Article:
The last time my sister and I saw each other before the Great Cat Scandal was December 2003. Her family visited us in Philadelphia for a couple of days before Christmas. We kept the visit short because J and I had an event for his family up in New Jersey on Christmas day. This would be the last time my sister and I were on speaking terms, yet I do not regret heading up to New Jersey for what can only be described as a remarkable reunion of my husband’s family.
J’s paternal grandfather, Martin, left Germany in the 1930s and began to build a life for himself in the United States. He brought over his two brothers and the aunt who had raised them. As it became increasingly apparent that it would be prudent for any and all Jews to hightail it out of Germany, Martin sponsored many German Jews, helping them establish lives in the United States. There were several relatives among them. And, on Christmas day 2003, we headed up to New Jersey to meet one of them.
Martin had died in his 40s, and so his children had lost touch with many of the relatives he had sponsored. J’s father – Martin’s son – had never met this branch of the family and was only recently in touch with them. When we arrived, we realized the significance of what J’s grandfather, a man he had never met, had done. We met the man he had saved, but we also met the large family this cousin had gone on to have. Without Martin’s encouragement and material aid, this man would have remained in Germany and surely have been interred and killed, and this multi-generational family would never have come to be.
When we got in the car to drive back to Philadelphia, I would like to say we talked about how extraordinary the day had been. Instead, we returned to our all-consuming obsession: wondering whether or not I was pregnant this month. I had been giving myself shots, so we were hopeful that maybe this month we had beaten the infertility.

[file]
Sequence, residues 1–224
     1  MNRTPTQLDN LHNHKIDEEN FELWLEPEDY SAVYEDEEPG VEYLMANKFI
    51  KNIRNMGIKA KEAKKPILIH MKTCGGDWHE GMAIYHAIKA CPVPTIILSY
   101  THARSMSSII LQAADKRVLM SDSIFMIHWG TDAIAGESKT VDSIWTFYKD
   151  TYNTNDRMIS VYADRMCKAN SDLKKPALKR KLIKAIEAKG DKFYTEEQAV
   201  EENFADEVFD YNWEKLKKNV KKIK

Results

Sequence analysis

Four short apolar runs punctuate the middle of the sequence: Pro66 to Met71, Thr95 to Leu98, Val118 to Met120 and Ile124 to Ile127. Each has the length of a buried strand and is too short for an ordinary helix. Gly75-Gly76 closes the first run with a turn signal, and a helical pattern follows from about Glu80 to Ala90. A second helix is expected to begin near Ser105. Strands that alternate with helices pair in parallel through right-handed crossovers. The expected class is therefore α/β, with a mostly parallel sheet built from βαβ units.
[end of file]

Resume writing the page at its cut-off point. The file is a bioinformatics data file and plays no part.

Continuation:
We talked about what we might name the baby. For Ashkenazi Jews, naming babies is complicated. We are supposed to name for a dead relative. Actually, we only need to use the same first letter as the dead relative, but that can be onerous enough. The letters are almost always terrible, and when there is a good letter, it has been completely used up by the rest of the family. M names for boys, for example, had been exhausted by my in-laws on their sons’ first and middle names. As we drove down the Jersey Turnpike, we agreed that, if it was a boy, maybe we’d name him after J’s maternal grandfather and my grandmother.
Nine months later, that’s exactly what we did.
It got more complicated with our second boy, whom we wanted to name after my mother. Her name started with a G. There was not one single name we both liked that started with G. After J rejected Gideon and Gabriel, we settled on giving a first name we liked and a middle name after my mother. It’s the Hebrew name that counts, anyway. The Hebrew name is the “real” name as far as the religion is concerned, and Benjamin’s Hebrew name does indeed closely follow my mother’s.
The boys got their Hebrew names at their brises, although I must admit I was too traumatized by the whole surgical part of the event to be as moved as I could have been by the symbolic portion. Tomorrow, Lilah gets her Hebrew name at our synagogue. There will be relatives, there will be friends, there will be food, and there will be no cutting, so I should be able to pay attention.
Tomorrow, Lilah will be named Michal. She will be named for Martin.